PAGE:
From the remaining four loops, three other pieces were created, "Clafouti" began for me with an ostinato bass line. "Peanut Soup" evolved in a similar fashion. Both of these compositions feature rolling rhythms in variations of pulses and even sub-pulses in three. Beyond this, the loops and the sounds of the percussion samples create an atmosphere which leads one to hear the music of other nations and cultures. "Platanos Maduros" was actually created from a mistake I made while listening to one of Rob's loops (which was also in three), but, from another room. All I heard was the quarter-note pulse of the finger cymbal, and so I began to write some fragments which were all in 4/4. As the piece developed, Rob just adjusted the loop to accommodate my 'error.' In our talks, we had discussed the idea of trying to create a slow, funereal dirge which could feature an insistent pulse with a staggered and seemingly random bass drum pattern. From this simple notion, we created a new basic loop and "Pallbearers" was born. Again, it seemed that Rob immediately heard our [A] theme to which I added an extension.
    During our earliest meetings, we agreed that again we would each contribute one ballad. On "LOCAL COLOR" Rob composed "Mahana" and I brought in "The Blue Rose." Here we have Rob's beautiful composition "Still Life with Mockingbird" and my piece, "Anhelante." For me, the latter has become one of the best things I've ever written. The music on "YOU ARE HERE" is rounded out by the one outside composition, Manolo Badrena's "Viajar y Viajar" ("Travel and Travel"...or as Manolo interprets it, "To Wander and Wonder"). I have had Manolo's beautiful, though primitive, homemade demo sitting around the house for some 15 years, just waiting for the right situation to record it. Its haunting beauty is obvious and when I submitted it to Rob, he agreed that this song would fit-in and make our recording a better one. I only wish I could write songs like this!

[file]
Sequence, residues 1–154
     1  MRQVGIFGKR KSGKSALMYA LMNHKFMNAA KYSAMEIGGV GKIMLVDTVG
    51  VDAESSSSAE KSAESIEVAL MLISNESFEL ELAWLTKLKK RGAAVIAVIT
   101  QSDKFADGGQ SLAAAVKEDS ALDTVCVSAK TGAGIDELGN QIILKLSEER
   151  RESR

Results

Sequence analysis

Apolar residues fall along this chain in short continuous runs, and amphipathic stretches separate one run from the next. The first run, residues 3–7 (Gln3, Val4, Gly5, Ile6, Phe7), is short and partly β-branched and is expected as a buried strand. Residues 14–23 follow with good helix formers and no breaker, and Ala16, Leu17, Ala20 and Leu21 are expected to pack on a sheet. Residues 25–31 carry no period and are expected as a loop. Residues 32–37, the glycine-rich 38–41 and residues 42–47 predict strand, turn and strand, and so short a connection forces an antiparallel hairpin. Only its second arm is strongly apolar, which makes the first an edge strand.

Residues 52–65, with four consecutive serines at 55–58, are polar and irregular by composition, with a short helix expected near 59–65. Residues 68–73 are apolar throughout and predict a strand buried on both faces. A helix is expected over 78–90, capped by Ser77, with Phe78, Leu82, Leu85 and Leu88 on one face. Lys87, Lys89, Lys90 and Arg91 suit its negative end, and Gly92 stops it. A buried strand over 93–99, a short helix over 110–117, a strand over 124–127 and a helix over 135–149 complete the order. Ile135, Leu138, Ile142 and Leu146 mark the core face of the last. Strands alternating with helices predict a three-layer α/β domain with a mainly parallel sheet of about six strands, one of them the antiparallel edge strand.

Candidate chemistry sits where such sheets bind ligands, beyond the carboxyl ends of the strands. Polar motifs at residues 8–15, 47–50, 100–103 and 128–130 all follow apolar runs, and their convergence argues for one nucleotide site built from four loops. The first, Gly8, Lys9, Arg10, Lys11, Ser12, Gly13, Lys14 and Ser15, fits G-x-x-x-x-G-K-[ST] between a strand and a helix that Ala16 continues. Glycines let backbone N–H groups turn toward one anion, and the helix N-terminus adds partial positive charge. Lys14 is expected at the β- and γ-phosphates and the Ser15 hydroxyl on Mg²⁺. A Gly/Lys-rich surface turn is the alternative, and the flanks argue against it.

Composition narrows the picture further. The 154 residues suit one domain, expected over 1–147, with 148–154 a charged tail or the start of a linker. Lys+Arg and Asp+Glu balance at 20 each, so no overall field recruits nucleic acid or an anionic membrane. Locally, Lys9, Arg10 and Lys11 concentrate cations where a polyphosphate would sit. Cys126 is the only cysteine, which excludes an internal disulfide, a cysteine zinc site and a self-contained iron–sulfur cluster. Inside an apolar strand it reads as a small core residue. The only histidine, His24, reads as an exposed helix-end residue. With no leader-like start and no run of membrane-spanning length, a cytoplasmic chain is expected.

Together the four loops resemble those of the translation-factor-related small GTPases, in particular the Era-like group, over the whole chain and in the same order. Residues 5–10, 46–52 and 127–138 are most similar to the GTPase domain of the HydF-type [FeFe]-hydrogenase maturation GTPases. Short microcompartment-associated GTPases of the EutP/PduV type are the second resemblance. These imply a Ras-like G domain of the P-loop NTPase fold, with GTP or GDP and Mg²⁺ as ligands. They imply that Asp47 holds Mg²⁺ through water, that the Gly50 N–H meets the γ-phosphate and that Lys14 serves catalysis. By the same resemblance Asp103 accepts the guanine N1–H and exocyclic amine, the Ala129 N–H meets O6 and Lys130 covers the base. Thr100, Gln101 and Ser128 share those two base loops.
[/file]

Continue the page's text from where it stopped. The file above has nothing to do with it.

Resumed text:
So, what is our process, our method for creating the compositions and arrangements? As I have previously stated, on this CD we began with Rob's rhythm loops, and both of us sought to hear things, at times, faxing fragments back and forth in preparation for actually getting together. When we felt we had enough to begin, we got together for our first improvisational session. That was on May 19th, 1997. Basically, we just let the digital tape roll on Rob's DA-88 and we improvised to the loops, at times with the bass lines we had agreed upon. These improvisations would often times go on for as long as fifteen minutes per piece. Then, after each performance, we would listen to see if there were any moments of melody, rhythm, or just mood which had enough substance to have staying power in the piece. I would also take home a DAT copy of the improvs and continue the search. At times, the smallest passage heard by one of us as substantial could lead to a full-blown section of the composition you now hear. I know of several instances where Rob plucked-out something which I had improvised and had actually ignored as the tape played back. But, Rob insisted that there was, in fact, something there worth expanding upon. I am immediately reminded of sections I created for "Clafouti" and "Pallbearers." In a process such as this, one must really remain fearless about the very real possibility of playing something stupid on the chance that somewhere within the ten minutes of improvising you may well come-up with at least one moment which may endure. For that alone, all the effort and energy is well worth it! After months of these sessions (and please understand that weeks could pass in between them) and the scrutiny which followed, we were ready to finally record with Richard Alderson at the controls. It was on September 25th that we recorded "Viajar y Viajar," "Anhelante," and "Still Life." "Clafouti," and "Platanos Maduros" were recorded on October 8th. "Peanut Soup," "Fazendeiro," and "Pallbearers" were done on November 14th.